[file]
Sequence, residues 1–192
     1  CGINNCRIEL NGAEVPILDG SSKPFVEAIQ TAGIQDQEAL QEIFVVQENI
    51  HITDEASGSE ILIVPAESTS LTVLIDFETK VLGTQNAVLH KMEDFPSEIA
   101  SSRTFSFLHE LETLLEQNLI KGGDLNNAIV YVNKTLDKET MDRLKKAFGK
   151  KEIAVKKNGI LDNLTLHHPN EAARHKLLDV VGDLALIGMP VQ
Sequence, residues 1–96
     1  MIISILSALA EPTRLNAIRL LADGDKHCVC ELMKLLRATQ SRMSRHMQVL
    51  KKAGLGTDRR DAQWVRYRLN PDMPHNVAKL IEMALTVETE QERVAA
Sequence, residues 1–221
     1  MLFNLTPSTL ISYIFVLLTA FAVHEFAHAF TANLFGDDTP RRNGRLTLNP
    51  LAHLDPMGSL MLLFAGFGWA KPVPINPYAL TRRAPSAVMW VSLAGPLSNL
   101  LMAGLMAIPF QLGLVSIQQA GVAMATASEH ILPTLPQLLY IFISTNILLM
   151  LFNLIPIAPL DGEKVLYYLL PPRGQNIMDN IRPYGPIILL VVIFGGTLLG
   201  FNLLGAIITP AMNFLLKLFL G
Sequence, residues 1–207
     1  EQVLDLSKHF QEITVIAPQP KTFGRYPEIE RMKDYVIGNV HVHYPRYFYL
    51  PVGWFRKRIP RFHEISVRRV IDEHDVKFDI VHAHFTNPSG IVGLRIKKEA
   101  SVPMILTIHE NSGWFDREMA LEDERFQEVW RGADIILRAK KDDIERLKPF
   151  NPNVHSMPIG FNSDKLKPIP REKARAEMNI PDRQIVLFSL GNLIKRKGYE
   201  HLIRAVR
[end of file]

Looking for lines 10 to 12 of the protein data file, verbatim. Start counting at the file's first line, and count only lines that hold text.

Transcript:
     1  MLFNLTPSTL ISYIFVLLTA FAVHEFAHAF TANLFGDDTP RRNGRLTLNP
    51  LAHLDPMGSL MLLFAGFGWA KPVPINPYAL TRRAPSAVMW VSLAGPLSNL
   101  LMAGLMAIPF QLGLVSIQQA GVAMATASEH ILPTLPQLLY IFISTNILLM